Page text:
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- HOTMIX! Nybrent Hyllestadkalk leskes og testes som restaureringsmørtel på Stavanger domkirke
- Was Nidaros Cathedral built from stone extracted in a large underground Medieval quarry?
- New open-access book: Soapstone in the North. Quarries, Products and People. 7000 BC – AD 1700
- “Nidaros: The Portland Cement Cathedral” (Baker Memorial Lecture)
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Tag Archives: underground quarry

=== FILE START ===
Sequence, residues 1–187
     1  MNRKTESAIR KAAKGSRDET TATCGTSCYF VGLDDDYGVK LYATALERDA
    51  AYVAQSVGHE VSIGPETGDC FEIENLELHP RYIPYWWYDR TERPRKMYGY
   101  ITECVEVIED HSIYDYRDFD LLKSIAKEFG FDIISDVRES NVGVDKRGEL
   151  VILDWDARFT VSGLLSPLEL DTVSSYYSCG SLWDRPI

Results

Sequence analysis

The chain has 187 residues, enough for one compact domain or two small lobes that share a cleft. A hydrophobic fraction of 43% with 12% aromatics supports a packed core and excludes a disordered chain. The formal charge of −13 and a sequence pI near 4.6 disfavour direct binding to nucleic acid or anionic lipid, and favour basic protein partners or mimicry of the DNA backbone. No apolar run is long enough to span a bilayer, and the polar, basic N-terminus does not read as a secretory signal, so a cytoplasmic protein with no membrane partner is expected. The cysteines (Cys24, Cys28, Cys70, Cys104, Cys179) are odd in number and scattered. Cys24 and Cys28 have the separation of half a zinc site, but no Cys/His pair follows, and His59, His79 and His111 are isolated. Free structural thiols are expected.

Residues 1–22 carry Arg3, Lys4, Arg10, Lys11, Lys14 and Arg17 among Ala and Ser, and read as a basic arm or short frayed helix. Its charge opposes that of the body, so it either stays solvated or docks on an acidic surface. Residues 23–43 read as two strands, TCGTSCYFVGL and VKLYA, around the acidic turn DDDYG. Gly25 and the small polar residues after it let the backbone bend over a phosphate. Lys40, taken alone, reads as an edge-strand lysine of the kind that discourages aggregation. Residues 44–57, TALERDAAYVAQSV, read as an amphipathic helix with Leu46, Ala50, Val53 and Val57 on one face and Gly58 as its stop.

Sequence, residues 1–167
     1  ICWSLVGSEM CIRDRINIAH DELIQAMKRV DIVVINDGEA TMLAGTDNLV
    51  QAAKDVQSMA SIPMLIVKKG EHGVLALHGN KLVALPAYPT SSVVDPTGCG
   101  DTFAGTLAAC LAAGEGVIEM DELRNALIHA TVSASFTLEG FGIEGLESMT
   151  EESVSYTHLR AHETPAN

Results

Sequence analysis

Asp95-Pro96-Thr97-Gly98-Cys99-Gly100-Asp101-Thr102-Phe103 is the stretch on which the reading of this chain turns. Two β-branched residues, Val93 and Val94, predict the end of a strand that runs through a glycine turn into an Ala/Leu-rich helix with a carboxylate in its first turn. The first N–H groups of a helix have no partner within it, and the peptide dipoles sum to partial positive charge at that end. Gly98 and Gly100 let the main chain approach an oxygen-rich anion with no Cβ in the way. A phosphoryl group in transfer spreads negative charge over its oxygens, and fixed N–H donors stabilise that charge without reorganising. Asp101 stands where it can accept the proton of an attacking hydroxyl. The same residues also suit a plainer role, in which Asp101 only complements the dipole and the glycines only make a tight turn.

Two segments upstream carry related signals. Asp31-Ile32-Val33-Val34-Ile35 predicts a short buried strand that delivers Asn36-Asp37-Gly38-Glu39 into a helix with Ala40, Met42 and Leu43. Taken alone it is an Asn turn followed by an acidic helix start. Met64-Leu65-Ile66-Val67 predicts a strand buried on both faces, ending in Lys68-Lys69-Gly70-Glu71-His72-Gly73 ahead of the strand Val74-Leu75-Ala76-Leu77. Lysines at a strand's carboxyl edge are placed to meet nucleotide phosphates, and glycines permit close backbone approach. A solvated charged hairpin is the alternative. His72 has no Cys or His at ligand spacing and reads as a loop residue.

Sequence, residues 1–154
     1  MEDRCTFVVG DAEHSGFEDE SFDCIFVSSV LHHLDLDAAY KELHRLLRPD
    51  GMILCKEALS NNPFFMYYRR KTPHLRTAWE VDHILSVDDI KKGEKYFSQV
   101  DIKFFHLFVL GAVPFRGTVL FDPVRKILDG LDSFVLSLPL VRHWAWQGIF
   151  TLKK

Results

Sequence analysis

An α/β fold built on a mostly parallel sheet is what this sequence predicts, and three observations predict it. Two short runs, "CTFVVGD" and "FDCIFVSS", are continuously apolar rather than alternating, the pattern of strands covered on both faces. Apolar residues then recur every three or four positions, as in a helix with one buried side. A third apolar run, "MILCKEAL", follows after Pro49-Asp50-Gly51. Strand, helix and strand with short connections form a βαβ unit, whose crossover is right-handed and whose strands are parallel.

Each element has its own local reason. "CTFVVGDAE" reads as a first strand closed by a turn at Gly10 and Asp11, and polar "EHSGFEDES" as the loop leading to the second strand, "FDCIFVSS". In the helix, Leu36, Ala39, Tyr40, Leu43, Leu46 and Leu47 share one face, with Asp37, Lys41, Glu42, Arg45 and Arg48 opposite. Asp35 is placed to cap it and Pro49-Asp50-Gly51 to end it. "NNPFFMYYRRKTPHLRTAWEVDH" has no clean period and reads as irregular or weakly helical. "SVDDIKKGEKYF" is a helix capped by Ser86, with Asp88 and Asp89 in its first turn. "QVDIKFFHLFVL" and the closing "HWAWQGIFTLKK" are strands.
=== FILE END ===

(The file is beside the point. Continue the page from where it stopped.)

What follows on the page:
Ancient underground building stone quarries are rather common. They are known since at least the Old Kingdom in Egypt, some 6 500 years ago, when fine limestone was quarried underground close to Cairo (Tura) in order to provide casing stones to the Giza pyramids. But underground quarries are, interestingly, quite rare in the European Middle Ages. Apparently, there was no need to start difficult, large-scale underground operations to build churches, monasteries and cathedrals until the Late Middle Ages, when, for example, the underground limestone quarries in Paris and Caen in France started to become developed toward the gigantic network of tunnels and galleries we know today. Thus, it is remarkable that a huge underground quarry may have been opened around AD 1200 in Trondheim, Norway, in order to provide soapstone for Nidaros Cathedral, the northernmost of Europe’s great medieval cathedrals. Why? Continue reading →